Rather than tell her straight away (therefore ending the book right then and there), Marshall feels that would be a disaster, so swearing Simon to secrecy, he decides that what he's going to do over the next two weeks is to let Leila really get to know him, and see how much he truly cares for her. And maybe, just maybe she'll fall in love with him too. He doesn't count on Leila's determination to discover who the ninja really is, or how she sets out to find him, and this concerns Marsh, thinking she may find someone else to fall in love with, so he initiates opportunities in which the two of them are thrown together, and Leila gets to see Marsh in his natural environment, not just as the island doctor but also as friend, neighbor, and veteranarian to the residents of Sunrise Key. She's surprised by what she discovers; he's not the cold, distant snob she's always taken him for, but very much a flesh and blood man, with a passion for what he does and a generous heart filled with affection for his neighbors, and soon she doesn't care who her ninja turns out to be, because Marhall Devlin turns out to be the man Leila can imagine spending the rest of her life with....
This book is a contemporary without all the bells and whistles, and makes up for it with an incredibly romantic love story between two stubborn people who've always been at each other's throats while being reluctantly fascinated with the other, not realizing until they are adults how wrong they've always been. I loved watching Marsh try to win Leila, and how they sit down and have actual conversations with each other, sometimes arguing but mostly getting to know the other person and liking what they are finding out. Leila sees the care and concern Marsh has for the people who live on the island, and discovers he suffered a devastating loss years ago, which explains his reserved behavior back then. Marsh sees that the woman he loves wants a family of her own, and would actually love to raise children on the island, but is afraid that leaving Manhatten means she's a failure instead of looking it as re-organizing her priorities. I liked how they related to each other, and that their arguing wasn't going to change once they fell in love. They were both strong, opinionated people with a lot of love to give.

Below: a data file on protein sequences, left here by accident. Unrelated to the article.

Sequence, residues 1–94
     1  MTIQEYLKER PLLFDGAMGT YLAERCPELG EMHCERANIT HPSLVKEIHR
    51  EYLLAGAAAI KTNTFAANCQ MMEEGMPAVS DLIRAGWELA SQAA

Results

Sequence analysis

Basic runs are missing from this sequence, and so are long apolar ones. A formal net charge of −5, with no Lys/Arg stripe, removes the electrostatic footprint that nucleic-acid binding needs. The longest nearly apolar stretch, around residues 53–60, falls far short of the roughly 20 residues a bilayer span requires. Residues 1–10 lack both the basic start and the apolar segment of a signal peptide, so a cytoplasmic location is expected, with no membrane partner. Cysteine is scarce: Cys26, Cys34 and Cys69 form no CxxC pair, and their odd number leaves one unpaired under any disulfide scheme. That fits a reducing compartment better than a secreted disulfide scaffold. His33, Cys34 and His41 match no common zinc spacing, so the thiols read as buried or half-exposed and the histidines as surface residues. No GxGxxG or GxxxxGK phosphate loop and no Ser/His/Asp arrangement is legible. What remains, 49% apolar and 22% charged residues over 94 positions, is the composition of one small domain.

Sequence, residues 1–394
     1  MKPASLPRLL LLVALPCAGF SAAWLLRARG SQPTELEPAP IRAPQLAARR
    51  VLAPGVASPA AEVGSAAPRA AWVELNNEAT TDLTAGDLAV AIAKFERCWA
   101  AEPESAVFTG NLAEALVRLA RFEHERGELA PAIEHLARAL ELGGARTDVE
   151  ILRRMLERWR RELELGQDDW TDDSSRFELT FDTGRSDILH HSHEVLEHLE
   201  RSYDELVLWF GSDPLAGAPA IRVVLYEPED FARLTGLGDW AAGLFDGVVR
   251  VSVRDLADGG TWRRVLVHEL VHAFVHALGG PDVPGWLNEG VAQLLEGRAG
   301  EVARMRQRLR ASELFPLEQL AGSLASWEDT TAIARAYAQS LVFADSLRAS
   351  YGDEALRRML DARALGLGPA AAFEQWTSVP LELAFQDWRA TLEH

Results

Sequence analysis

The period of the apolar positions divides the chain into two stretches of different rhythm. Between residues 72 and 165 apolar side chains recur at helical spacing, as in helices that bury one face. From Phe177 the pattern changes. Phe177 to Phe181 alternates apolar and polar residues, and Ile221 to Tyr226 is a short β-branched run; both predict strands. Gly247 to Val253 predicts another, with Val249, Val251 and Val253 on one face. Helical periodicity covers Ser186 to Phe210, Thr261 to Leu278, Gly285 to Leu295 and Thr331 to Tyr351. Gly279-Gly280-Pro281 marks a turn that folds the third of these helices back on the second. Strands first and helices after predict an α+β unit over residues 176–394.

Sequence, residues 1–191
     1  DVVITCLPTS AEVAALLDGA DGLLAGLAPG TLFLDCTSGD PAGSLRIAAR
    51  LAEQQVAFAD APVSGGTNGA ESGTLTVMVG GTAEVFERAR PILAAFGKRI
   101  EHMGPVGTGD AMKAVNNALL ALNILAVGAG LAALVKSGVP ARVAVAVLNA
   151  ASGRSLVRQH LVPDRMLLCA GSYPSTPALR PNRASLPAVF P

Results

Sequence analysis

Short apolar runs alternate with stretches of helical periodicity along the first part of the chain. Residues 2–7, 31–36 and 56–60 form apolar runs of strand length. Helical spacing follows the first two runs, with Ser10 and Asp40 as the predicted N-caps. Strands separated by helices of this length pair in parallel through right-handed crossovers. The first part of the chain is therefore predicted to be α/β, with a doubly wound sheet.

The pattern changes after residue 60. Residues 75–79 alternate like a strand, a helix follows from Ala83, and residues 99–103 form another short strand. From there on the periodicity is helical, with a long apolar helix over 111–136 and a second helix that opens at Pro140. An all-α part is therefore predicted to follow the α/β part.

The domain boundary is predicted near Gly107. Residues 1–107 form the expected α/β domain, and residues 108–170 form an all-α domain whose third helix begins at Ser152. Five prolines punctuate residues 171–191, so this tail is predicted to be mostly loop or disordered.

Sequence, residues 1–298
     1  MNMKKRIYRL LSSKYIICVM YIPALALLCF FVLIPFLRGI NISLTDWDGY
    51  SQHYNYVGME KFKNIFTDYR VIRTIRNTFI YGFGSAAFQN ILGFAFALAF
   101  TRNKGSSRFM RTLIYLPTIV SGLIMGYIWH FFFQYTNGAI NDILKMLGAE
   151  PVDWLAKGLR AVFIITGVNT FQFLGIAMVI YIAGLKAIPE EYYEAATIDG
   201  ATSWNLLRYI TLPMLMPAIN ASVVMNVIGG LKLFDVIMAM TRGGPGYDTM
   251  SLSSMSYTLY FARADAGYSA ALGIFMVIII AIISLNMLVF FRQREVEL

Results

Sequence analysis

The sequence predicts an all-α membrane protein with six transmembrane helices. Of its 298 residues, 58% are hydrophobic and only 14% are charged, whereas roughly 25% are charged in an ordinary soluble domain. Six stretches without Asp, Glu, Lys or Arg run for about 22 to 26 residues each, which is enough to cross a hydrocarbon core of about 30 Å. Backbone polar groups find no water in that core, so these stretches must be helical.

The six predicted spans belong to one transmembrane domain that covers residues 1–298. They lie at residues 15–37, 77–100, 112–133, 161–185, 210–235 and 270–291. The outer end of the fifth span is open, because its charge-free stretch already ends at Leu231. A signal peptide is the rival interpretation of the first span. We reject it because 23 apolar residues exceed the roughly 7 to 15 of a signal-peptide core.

Even now, twelve years later, I can still read this book and sigh with complete happiness. It has all the elements a strong contemporary should have, and though it may come across as a little dated, mostly in terms of the technology available at the time, the love story is classic and timeless. It also has Suz's signature "voice", and hints at the talent already bursting at the seams. So if you're a Brockmann fan and haven't yet read this one or if you're just looking for a really good contemporary romance, I highly recommend "Kiss and Tell".
As I mentioned in an earlier post, Simon's story will be released in 2009.
Rating: ***** out of *****